June 1970. Saint Josemaria Escriva is in Mexico. In the State of Morelos, in what used to be the hacienda of Montefalco, a gathering has been organized for women who take part in formative activities there. The founder of Opus Dei has brought candy for the young children.
Lupe is one of the women there, with a smile on her face and eight months pregnant. At the end of the family gathering, Saint Josemaria comes over and blesses her and the child who will soon be born. The founder says good-bye to all the women and they return home, talking about what they have just heard. “Did you know that…? I liked that… I have to tell my midwife about that…”
More than fifty years have gone by since that hot afternoon in June. Jacinto Barranco is recounting this story that he so often heard from the lips of his mother and his aunt. “To have received the founder of Opus Dei’s blessing when I was still in my mother’s womb fills me with joy,” he says.
Today Jacinto works as the maintenance man in the reconstructed hacienda and has discovered his vocation to Opus Dei as a supernumerary. “When I realized that I could focus all my work on God, I saw that this was the meaning of my life: to stay close to God in and with my professional work.”
Just as a chemical engineer can find God’s wisdom in atoms and molecules, and the physician in the miracle of life, Jacinto’s encounter with God takes place in his maintenance work in Montefalco. “I find great joy in sanctifying my work, without looking for human recognition. I try to do it as well as possible and with joy.”
“A vocation, a call from God,” Saint Josemaria wrote, “is a grace from the Lord, a choice made by divine goodness, a reason for holy pride, a call to serve all men and women joyfully out of love for Christ” (The Forge, 17). One can discover the greatness of the universal call to holiness in the most ordinary settings of daily life. At work and at home. When resting and with one’s friends. With one’s mother-in-law and with the children. “I like to talk as much as possible with my children. I think the most important thing I’ve learned as a father is that the best thing you can do for your children is to listen to them and give them good example.”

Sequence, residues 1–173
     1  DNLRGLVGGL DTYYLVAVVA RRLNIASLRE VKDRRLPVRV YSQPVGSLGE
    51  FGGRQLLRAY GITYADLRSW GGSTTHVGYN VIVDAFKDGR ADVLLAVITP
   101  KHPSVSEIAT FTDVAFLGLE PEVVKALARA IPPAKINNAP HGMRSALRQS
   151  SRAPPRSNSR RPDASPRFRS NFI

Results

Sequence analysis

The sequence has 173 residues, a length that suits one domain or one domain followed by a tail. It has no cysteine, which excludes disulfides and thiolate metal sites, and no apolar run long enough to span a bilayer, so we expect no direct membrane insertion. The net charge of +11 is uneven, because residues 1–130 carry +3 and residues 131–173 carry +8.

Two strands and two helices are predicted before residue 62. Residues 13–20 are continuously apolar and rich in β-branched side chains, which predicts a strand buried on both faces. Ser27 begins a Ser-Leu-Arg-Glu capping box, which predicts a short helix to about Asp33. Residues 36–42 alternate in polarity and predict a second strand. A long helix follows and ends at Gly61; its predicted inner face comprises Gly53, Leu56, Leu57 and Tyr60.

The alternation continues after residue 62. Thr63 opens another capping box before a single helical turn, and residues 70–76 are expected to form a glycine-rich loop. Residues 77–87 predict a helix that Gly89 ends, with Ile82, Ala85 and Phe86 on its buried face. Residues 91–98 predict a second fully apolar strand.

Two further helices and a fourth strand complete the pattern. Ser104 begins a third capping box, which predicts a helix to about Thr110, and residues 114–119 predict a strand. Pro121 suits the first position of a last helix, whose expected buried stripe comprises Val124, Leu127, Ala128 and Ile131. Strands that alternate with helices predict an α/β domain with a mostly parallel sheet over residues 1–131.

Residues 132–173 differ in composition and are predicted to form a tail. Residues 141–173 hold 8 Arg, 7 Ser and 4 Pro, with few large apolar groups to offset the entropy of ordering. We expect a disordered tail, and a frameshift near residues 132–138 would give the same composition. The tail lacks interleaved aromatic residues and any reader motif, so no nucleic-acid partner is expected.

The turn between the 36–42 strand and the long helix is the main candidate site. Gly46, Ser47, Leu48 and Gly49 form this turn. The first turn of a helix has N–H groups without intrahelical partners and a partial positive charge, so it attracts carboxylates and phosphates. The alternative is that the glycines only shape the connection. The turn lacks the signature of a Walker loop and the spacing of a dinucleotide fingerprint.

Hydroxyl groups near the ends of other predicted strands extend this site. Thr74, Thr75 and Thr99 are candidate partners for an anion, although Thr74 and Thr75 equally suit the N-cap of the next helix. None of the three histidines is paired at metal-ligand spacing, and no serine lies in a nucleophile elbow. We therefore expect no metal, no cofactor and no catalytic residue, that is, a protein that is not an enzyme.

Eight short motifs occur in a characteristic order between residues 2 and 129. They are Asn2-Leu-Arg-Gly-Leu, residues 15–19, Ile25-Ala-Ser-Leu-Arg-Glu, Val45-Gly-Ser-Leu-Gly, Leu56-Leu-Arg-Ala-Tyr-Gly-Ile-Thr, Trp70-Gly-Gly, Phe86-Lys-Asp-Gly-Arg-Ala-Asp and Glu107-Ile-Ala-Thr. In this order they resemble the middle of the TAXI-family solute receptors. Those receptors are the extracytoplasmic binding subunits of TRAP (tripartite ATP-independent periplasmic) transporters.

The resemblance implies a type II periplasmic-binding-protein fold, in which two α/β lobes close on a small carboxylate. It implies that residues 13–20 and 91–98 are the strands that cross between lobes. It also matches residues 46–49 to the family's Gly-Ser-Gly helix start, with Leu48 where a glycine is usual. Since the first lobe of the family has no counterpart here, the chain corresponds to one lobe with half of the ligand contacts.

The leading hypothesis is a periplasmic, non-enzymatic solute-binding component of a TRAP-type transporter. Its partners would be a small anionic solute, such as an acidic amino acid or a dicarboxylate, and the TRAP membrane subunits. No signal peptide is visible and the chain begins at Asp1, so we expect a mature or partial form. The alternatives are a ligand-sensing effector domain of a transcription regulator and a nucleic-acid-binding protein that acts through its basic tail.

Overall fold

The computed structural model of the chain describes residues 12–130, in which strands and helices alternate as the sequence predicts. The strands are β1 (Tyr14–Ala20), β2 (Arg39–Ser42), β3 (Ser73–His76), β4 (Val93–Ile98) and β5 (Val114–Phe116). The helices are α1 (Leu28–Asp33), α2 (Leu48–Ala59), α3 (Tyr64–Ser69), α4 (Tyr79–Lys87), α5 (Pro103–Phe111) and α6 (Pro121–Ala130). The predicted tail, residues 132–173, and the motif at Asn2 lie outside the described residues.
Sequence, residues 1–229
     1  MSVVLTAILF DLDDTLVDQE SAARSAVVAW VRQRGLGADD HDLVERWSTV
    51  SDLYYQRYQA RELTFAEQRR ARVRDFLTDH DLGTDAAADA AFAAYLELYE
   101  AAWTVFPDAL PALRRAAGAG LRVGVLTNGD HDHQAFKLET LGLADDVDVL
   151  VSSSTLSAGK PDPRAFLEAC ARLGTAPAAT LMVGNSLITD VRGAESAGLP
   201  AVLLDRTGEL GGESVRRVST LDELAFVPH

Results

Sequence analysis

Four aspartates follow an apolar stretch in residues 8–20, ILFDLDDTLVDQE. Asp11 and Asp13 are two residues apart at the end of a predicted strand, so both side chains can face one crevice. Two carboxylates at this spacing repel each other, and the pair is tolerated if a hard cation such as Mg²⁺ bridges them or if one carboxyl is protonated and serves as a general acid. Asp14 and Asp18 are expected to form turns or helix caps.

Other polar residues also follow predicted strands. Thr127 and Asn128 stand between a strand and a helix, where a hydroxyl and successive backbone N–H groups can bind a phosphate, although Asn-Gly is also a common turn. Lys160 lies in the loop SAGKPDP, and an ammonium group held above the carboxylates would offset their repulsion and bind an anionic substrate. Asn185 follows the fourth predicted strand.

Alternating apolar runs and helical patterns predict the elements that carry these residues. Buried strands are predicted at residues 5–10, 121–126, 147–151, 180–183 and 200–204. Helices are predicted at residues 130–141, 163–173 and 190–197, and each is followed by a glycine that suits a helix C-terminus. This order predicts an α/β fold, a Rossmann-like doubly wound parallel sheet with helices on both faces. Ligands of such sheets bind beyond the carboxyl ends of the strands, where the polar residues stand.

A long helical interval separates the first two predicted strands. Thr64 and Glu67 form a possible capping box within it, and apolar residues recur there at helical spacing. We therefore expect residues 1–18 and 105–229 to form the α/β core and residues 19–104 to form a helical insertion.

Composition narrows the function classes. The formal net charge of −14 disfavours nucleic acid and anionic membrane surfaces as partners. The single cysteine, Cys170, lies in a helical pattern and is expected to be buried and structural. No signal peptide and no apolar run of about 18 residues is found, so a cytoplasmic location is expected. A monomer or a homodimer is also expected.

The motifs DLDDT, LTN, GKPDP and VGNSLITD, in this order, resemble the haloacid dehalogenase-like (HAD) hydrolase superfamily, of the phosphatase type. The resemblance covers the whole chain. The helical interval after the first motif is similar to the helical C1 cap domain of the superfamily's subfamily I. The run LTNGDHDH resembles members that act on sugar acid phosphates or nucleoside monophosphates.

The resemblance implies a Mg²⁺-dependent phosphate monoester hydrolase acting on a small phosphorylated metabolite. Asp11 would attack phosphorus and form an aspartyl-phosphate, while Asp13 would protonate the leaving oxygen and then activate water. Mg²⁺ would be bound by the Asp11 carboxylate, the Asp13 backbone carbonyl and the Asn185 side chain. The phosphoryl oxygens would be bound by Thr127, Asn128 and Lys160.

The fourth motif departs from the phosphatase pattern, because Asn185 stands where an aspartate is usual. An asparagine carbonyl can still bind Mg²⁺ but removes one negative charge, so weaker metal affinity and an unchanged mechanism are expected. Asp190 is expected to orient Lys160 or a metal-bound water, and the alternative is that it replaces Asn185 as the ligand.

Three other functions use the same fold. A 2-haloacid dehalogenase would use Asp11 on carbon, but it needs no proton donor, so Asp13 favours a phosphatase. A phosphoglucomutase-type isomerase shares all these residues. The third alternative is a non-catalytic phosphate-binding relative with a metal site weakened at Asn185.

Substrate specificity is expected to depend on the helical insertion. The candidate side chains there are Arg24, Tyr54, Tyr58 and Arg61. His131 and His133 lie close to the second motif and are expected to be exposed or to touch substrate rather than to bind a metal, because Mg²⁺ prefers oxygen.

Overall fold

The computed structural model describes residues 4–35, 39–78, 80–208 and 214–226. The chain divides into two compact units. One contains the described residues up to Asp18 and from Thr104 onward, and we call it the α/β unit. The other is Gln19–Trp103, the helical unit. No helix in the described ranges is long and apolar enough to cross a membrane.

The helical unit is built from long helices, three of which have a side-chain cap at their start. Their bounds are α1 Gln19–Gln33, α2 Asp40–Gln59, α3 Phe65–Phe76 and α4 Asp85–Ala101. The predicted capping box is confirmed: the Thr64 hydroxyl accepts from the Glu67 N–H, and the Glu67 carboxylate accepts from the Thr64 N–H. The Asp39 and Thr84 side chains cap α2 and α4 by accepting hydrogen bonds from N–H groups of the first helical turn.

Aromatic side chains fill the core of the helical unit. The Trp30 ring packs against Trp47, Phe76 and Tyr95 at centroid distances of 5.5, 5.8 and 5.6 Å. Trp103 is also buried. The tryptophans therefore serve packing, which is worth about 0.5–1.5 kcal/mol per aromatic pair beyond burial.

Jacinto knows Montefalco like the palm of his hand. “From my first memories, I have always been coming here.” Catechism classes. Mango trees and soccer games with the other boys from the town. Fifty years of memories. A vocation discovered in the ordinary activities of each day.
When Saint Josemaria went to Montefalco he said: “Montefalco is a madness of God’s love! I usually say that the pedagogy of Opus Dei can be summed up in two phrases: work with common sense and work with supernatural sense. In this place Fr. Pedro [Casciaro] and my Mexican daughters and sons have worked only with supernatural sense. Taking over joyfully a pile of ruins is humanly absurd. But you have been concerned about souls and made a marvel of love come true. May God bless you!”
The Montefalco conference center is indeed a madness written with divine letters, with verses of faith and rhymes of hope. And it is this divine madness that makes possible a true change in the world, made up of great care for little things, doing one’s work out of love for God and all men and women. As Jacinto knows so well from his daily work: “Great souls pay much attention to little things” (The Way, 818).